Is there a reason why assembly fragment code would fail to compile after a GLSL program is attached?
I’m working with a program that uses assembly and want to replace parts with GLSL. Right now if I bind a GLSL shader calling glUseProgram(…) and glUseProgram(0) to unbind it, any assembly shader I compile afterwards fails at line 1, character -1 and gives me the error 1282. I know the assembly code works as it worked before I started, and the GLSL code compiles fine from the error messages I’m getting.
Is it impossible to use them two shader formats in the same program? Does the state get set to GLSL only or something if you try to use GLSL once?
It’s impossible. If you want to use GLSL - use it. If you want to use ARB - use it. But mixing them is forbidden. It’s 2 different languages, 2 different grammars! It’s not source and assembly. What you mean by “assembly” is actually a high-level language too, and real assembly is quite far from it.
Imagine, you are writing your program source code on C with SmallTalk and Paslal insertions. Would it compile successfully??
You means you want to have some GLSL and also you are using ARB_vp/fp in the same exe? Yes, it’s possible. I don’t know what Jackis is talking about.
AFAIK, it is indeed possible. You can use a GLSL program that consits only of a vertex shader together with an ASM fragment program, or a GLSL fragment shader with a ASM vertex program. But you cannot use ASM parts inside your GLSL program object or via versa.
You can freely mix and match fixed function / ARB programs / GLSL shaders for vertex and fragment portions of the pipeline, as long as your varyings all line up OK.
However one restriction is that if you are using a geometry shader, you must use a vertex shader (not fixed function or vertex program.) The spec says it is a link error otherwise.
V-man and Zengar,
I understand that he asked if he can write one shader, which consists from GLSL and ARB. I mean, assembly inlines. He meant it also, as I see.
Surely, he can take ARB fragment program and GLSL vertex program, it’s not forbidden. But his question was not about it.
Jackis, I guess you’re right. It wasn’t very clear from his post to me. Maybe he could comment on it…
I’m sorry. I meant the same C++ program. I wasn’t trying to combine assembly and GLSL in the same shader.
You can definetely mix them in C++ if you are using them at different times. Using them at the same time is possible too. This is quoted from the GL_EXT_geometry_shader4 spec which may affect your design descision.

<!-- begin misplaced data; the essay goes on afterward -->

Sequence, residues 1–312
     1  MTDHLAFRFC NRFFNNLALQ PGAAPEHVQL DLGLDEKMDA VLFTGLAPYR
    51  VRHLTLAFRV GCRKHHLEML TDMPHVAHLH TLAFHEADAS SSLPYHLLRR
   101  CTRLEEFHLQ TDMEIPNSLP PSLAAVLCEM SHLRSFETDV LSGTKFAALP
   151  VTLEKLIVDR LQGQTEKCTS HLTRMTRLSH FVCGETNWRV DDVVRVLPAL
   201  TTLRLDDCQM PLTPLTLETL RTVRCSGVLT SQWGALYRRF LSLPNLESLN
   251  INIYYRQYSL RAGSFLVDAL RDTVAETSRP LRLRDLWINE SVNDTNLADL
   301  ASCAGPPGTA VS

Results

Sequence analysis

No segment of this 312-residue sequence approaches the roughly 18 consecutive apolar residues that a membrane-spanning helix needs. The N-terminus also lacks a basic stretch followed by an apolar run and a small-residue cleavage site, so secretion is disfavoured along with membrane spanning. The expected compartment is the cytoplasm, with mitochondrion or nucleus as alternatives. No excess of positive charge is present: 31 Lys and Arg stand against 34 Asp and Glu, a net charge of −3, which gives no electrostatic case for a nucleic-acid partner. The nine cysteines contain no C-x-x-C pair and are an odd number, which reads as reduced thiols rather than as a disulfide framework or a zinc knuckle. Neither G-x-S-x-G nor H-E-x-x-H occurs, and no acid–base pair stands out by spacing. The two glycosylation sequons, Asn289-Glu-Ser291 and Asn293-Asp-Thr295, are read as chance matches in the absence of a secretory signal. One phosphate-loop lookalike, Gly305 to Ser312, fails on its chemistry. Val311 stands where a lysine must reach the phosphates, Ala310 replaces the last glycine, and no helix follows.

Now that a third shader object type is added, what combinations of
GLSL, assembly (ARB or NV) low level and fixed-function do we want
DISCUSSION: With the addition of the geometry shader, the number of
combinations the GL pipeline could support doubled (there is no
fixed-function geometry shading). Possible combinations now are:
vertex geometry fragment
ff/ASM/GLSL none/ASM/GLSL ff/ASM/GLSL
for a total of 3 x 3 x 3 is 27 combinations. Before the geometry shader
was added, the number of combinations was 9, and those we need to
support. We have a choice on the other 18.
RESOLUTION: It makes sense to draw a line at raster in the GL
pipeline. The ‘north’ side of this line covers vertex and geometry
shaders, the ‘south’ side fragment shaders. We now add a simple rule
that states that if a program object contains anything north of this
line, the north side will be 100% GLSL. This means that:
a) GLSL program objects with a vertex shader can only use a geometry
shader and not an assembly geometry program. If an assembly geometry
program is enabled, it is bypassed. This also avoids a tricky case – a
GLSL program object with a vertex and a fragment program linked
together. Injecting an assembly geometry shader in the middle at run
time won’t work well.
b) GLSL program objects with a geometry shader must have a vertex shader
(cannot be ARB/NV or fixed-function vertex shading).
The ‘south’ side in this program object still can be any of
it amazes me that they waste time discussing this sort of thing at the arb. just make it either or.